Dirty Rotten Scoundrels: 'Great Big Stuff' at the Walnut Street Theater
The Walnut Street opens its 201st season with the madcap Tony winning DIRTY ROTTEN SCOUNDRELS. Borrowing a song title from the show, Bernard Havard & Co. seems to have the knack of winning audiences with a "Give Them What They Want" motto. Opening on Broadway in 2005, DIRTY ROTTEN SCOUNDRELS garnered an amazing 11 Tony Award Nominations during its run, including Best Musical. While The Walnut's production is not flawless, it certainly delivers its share of great comedic moments of well delivered shtick and downright slap happy silly antics.
Much credit goes to the cast. Philly favorites abound in this mad cap adventure of shameless deception. Paul Schoeffler plays the debonair, conceited playboy Lawrence Jameson and the versatile Ben Dibble braves the ridiculous once more to entertain us with his rendition of Freddie Benson AKA Ruprecht. Joining this talented duo are the always delightful talents of Mary Martello and Fran Prisco playing Muriel (from Omaha) and police inspector, right hand crook Andre Thibault. Martello & Prisco simply take off together in characters that are naughty and sexy and they simply tickle the crowd.
Newcomer to the Walnut, Jessica Rush steps into the role of Christine Colgate, the soap heiress, who attracts the warped attention of the shameless womanizers who make her the prize for their zany contest of who will stay as numero uno playboy and who will leave the French Rivera. Rush delights in the role and surprises all with a stunning singing voice.
The book for DIRTY ROTTEN SCOUNDRELS is written by Jeffrey Lane, based on the 1988 hit comedy of the same name starring Michael Caine and Steve Martin. Lane's collaboration with the music and lyrics of David Yazbek (The Full Monty) creates a giddy mix of differing musical styles and jokes ranging from clever play on words to the ridiculous.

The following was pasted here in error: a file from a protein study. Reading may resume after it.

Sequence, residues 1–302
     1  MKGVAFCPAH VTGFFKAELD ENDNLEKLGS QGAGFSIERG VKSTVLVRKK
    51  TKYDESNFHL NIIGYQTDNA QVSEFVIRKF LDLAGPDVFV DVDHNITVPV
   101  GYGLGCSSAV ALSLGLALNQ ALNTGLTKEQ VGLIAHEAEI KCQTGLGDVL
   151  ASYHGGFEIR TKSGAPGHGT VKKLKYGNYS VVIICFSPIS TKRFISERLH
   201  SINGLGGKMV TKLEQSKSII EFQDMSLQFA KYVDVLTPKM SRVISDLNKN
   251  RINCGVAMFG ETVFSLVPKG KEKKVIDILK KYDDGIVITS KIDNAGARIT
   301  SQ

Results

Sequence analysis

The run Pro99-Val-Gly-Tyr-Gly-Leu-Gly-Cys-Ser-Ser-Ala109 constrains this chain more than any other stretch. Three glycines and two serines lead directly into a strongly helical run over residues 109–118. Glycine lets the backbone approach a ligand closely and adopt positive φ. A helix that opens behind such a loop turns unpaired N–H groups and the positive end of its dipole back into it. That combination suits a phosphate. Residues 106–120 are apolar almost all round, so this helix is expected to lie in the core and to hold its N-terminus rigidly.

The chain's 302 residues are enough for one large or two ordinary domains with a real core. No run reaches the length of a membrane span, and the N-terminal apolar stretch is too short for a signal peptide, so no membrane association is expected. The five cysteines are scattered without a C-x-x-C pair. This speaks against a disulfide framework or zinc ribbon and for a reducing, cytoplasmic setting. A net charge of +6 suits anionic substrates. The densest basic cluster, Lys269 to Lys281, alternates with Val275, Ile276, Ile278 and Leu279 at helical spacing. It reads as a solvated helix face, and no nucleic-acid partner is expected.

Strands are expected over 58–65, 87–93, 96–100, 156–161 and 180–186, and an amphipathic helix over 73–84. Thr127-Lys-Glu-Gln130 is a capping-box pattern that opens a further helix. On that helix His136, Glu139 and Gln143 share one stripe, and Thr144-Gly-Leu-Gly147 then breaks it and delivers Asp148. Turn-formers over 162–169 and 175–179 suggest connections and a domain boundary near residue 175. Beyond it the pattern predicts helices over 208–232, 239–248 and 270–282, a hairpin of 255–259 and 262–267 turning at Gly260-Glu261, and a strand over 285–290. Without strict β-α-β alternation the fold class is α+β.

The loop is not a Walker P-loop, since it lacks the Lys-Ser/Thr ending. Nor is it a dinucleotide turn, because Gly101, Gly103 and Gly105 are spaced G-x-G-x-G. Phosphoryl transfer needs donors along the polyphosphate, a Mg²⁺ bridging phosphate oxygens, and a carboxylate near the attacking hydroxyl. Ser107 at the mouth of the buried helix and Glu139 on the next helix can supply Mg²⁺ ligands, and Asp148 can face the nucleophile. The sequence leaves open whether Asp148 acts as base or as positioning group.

Song highlights are "Great Big Stuff" where both Dibble & the ensemble soar, Martello's "What Was a Woman To Do", and Dibble and Rush's "Love Is My Legs", which was nearly sabatoged however, by adding the ensemble.
The first few scenes struggle to find their way to laughter and languish a bit. Schoeffler's Jameson hints of Henry Higgins but later blossoms into a full palate of excellent accents. By the middle of Act one the comedy is in full swing with Dibble & Schoeffler. However, the "Oklahoma" song and scene is like a nightmare from Saturday Night Live as Maggie Anderson's Jolene is extreme and tasteless as is the entire ensemble number.
Set designs by Robert Andrew Kovach are not his best. The millionare Jameson's mansion is cartoonish and crass and the remaining sets and props are scanty and unmemorable. Richard Stafford's choreography lacks fluidity with an ensemble that is overused as they sing and dance their way through every other scene, making the show seEm Longer and busier than it needs to be.
This show's strength lies in the principle cast members who hit the nail on the head "Like Ziz. Like Zat" delivering 2 hours of belly laughs.
Dirty Rotten Scoundrels plays at the Walnut Street Theater, 825 Walnut Street, Philadelphia, PA through October 25th. For tickets and information call 215.574.3550 or visit online www.walnutstreettheatre.org or ticketmaster.
Photo Credits: Mark Gavin